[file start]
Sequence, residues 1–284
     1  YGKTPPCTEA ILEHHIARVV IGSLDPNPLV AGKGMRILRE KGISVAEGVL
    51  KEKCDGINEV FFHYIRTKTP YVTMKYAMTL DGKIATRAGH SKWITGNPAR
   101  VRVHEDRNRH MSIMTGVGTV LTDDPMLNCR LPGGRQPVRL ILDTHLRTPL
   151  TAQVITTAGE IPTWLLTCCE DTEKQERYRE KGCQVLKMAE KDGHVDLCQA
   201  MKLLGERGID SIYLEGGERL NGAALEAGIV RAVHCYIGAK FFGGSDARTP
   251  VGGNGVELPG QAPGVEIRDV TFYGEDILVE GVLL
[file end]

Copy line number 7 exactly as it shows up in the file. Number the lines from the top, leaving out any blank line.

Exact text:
   251  VGGNGVELPG QAPGVEIRDV TFYGEDILVE GVLL